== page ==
Sort of like a female Bertie Wooster without a Jeeves to guide her through, Lady Lupin Lorimer-Hastings is a complete delight as she fumbles her way towards a very satisfactory ending in this cozy dip into a world which, if it ever existed, is now gone forever.

A frantic and very funny second book in a series I've grown fond of. Can't wait to read the two remaining.

Since it's Friday again, don't forget to check in at author Patricia Abbott's blog, Pattinase, to see what other forgotten or overlooked books other bloggers are talking about today.

14 comments:

  1. Accccck! Another series you've sold me on that has no ebook version! But your reviews are so entertaining I can only forgive you. I like the Bertie Wooster comparison, and I would even go so far as to suggest a Shakespearean comedic touch as well.

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    1. It all depends on how you feel about English village cozies, Mathew. :) I've really enjoyed the first two books in this series - though when I heard about them a few months ago I didn't think I would like them as much as I do. The paperbacks are available for cheap from Abe Books.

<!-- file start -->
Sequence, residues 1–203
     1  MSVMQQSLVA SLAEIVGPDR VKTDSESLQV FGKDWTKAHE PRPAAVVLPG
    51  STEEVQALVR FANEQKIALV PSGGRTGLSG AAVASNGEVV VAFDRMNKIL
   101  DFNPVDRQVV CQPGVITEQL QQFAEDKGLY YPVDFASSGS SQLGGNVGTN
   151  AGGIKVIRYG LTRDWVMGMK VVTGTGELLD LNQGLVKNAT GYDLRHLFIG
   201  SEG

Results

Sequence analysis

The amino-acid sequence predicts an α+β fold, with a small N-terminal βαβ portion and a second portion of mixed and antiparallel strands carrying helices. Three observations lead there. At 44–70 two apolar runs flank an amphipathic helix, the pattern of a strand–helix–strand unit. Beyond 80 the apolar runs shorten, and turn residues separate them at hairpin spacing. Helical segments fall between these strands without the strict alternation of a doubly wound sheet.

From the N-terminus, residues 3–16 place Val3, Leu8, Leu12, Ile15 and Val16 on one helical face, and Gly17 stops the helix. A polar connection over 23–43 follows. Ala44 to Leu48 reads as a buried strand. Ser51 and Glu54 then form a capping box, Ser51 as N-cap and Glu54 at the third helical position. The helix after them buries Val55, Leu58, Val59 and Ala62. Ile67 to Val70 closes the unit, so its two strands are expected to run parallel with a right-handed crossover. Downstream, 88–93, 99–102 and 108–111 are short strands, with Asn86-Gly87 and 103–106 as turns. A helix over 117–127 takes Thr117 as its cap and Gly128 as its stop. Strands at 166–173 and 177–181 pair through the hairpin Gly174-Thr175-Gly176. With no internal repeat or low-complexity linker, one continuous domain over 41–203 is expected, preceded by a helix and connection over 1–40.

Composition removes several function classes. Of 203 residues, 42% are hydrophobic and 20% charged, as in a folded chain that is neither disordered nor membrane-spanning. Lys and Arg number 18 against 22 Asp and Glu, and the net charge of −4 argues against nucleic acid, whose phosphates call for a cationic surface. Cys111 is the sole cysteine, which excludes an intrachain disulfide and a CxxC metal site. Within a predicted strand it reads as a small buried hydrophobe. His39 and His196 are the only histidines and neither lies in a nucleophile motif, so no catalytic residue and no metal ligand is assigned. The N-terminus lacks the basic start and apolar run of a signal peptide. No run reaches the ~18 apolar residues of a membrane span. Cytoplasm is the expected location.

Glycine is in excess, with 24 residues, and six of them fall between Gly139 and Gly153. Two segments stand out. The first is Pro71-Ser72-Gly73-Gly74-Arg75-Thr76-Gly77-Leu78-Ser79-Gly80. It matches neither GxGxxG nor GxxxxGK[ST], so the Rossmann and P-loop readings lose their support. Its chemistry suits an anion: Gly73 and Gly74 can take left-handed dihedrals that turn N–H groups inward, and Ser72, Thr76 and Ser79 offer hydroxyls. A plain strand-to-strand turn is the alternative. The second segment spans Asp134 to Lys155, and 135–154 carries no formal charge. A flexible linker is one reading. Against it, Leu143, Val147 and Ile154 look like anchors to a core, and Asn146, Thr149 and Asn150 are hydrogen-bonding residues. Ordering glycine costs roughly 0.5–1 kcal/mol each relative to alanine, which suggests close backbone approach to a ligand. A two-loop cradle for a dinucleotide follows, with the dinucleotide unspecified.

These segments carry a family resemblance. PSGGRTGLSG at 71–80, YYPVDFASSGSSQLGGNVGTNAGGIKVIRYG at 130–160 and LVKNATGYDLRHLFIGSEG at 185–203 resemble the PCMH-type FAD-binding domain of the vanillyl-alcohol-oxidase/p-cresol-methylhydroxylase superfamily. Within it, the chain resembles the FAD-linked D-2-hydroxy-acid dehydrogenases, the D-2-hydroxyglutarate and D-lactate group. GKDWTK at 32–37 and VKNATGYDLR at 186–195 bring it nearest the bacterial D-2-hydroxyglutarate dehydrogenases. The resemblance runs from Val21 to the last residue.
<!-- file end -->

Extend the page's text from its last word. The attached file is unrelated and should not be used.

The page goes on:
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  2. I must say that, without a murder or some such serious crime, I'd have a hard time sticking with this one. I'm glad you enjoyed it, but probably not my cuppa.

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    1. As I mentioned to Mathew, it all depends on how you feel about English village cozies, Rick. I do remember that John Dickson Carr and Michael Innes and a couple of other 'big time' writers have written books which in the end do not feature actual murders. I enjoyed those as well. WHO KILLED THE CURATE? has a murder and is lots of fun too.

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  3. you can get it at thrift books.I just ordered it.

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    1. I think that's where my copy came from. :)

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  4. would this compare to Georgette Heyer? It sounds quite interesting and i'll look for it... tx...